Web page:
The army chief made a 5-point appeal to the press to help bring down prices of essentials, hold credible elections, encourage people to diversify their food habit, improve the rule of law and security and highlight rural news.
During the two-and-half-an-hour-long meeting, the army chief also narrated achievements so far made by the armed forces in various sectors.
The army chief, whose force is acting in a countrywide anti-corruption drive under the National Coordination Council, said the council identified 222 corrupt persons so far. Of them, 81 were arrested and trial of 50 completed in lower courts. They can go to higher court.
He said 31,619 acres of land grabbed by ruling-party musclemen and thugs were recovered by the army and handed over to government. These lands should be distributed among landless people to be used for welfare activities, or else, the government lands might again be grabbed.
Gen Moeen said the army recovered Tk 8,372 crore as unpaid bills of utility services, like electricity. ‘Those who can afford to pay bills evaded it,’ he said. ‘Even,’ he told the editors, ‘it was found that some rich people hired experts from abroad for meter tampering to evade paying to government the due electricity bill.’
He further apprised the media that Tk 1,220 crore was recovered from home and abroad and most of the siphoned-off money already deposited with Bangladesh Bank.
The army chief said the taskforce in operation in the interim period made investigation into 13 institutions to dig out institutional corruption. Citing an example from RAJUK, he said the taskforce found 49 per cent of plot-allotment documents missing. The government, he said, is taking action on taskforce report.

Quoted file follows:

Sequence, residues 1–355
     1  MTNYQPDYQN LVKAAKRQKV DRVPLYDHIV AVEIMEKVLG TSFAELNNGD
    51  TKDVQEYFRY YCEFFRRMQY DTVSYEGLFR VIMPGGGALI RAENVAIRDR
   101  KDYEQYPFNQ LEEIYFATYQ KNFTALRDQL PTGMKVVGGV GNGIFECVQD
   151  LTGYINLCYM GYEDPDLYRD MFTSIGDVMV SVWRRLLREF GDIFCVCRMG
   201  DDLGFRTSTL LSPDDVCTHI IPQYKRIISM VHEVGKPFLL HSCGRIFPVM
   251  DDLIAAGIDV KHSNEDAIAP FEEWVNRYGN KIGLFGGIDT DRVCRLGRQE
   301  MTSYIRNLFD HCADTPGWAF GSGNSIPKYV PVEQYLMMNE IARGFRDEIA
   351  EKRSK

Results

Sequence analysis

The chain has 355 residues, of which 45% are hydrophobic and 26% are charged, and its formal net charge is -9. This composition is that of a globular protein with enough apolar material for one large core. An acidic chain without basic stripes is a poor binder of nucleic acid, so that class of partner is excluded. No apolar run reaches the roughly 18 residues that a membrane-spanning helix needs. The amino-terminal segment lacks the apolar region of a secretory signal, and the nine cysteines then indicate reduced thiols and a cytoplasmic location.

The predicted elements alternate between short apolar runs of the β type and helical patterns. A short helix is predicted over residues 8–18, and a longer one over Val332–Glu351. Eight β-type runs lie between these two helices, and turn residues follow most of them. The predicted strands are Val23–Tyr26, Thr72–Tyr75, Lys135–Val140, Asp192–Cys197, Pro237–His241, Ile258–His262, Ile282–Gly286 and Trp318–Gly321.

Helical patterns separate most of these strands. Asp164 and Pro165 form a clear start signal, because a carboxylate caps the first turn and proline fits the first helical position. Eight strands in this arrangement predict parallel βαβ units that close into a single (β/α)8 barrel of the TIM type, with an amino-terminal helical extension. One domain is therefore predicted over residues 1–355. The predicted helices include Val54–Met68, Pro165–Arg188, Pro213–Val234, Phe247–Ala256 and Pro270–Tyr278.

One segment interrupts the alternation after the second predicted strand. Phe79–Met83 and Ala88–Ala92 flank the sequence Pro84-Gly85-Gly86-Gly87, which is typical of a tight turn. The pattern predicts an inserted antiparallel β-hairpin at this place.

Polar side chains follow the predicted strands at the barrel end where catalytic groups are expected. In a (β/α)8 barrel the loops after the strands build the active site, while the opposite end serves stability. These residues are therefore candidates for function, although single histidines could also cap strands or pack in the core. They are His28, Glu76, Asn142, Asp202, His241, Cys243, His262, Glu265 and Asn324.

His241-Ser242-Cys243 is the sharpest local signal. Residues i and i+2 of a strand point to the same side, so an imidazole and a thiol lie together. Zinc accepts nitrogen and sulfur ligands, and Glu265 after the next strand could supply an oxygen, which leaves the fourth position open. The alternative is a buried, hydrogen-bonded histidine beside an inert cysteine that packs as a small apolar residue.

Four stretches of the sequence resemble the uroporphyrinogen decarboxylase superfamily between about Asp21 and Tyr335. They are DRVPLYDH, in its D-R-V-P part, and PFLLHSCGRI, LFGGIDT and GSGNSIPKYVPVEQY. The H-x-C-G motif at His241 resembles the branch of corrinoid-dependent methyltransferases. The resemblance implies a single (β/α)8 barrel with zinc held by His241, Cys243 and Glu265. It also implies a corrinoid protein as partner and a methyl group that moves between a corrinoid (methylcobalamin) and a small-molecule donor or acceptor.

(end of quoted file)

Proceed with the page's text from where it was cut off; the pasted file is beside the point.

In Titas gas corporation, he said, corrupt persons confessed to having committed corruption in minting Tk 1,900 crore which he said was one-third of the total corruption which would come to about Tk 50,000 crore. Considering overall corruption in Titas only, he said, it would account for two-and-a-half-year’s national budget of Bangladesh.
General Moeen said the army sped up loading and unloading at Chittagong seaport which was in a very bad shape before the state of emergency. Earlier, it used to take 13 days for a ship to unload, load and for outer anchorage. But, after the army intervention, it took only three days to complete the task, resulting in reduction of 30 per cent expenses and improvement of efficiency by 40 per cent.
The army chief said now 38 containers were being handled per hour, which is better than Singapore port that handles 40 containers per hour. This has been possible only through improving the management and maintenance.
He said manpower export increased 76 per cent last year compared to 2006.
‘We believe we have enough resources,’ General Moeen said, and if the human resources were developed through proper training, the situation in Bangladesh would improve a lot.
The general was flanked by Major General Sina Ibn Jamali, chief of the general staff, and Major General Golam Mohammad, head of the Directorate General of Forces Intelligence, when he spoke to the editors.
The journalists who attended the lunch meeting include Daily Independent editor Mahbubul Alam, Ittefaq editor Rahat Khan, Amar Desh’s acting editor Ataus Samad, Samakal editor Abed Khan, Prothom Alo editor Motiur Rahman, New Nation editor Mostafa Kamal Majumder, Bangladesh Observer editor Iqbal Sobhan Chowdhury, Financial Express editor Moazzem Hossain, News Today editor Reazuddin Ahmed, UNB chief editor Enayetullah Khan, Manav Zamin editor Motiur Rahman Chowdhury, BTV director general Kamal Uddin, head of news of Channel i Shykh Siraj, editor-in-chief of bdnews24.com Toufique Imrose Khalidi, New Age editor Nurul Kabir, Bhorer Kagoj editor Shyamol Dutt, Naya Diganta editor Alamgir Mohiuddin, ATN Bangla adviser Saiful Bari and its chief of news Manjurul Ahsan Bulbul and Channel i head of news Nazmul Ashraf.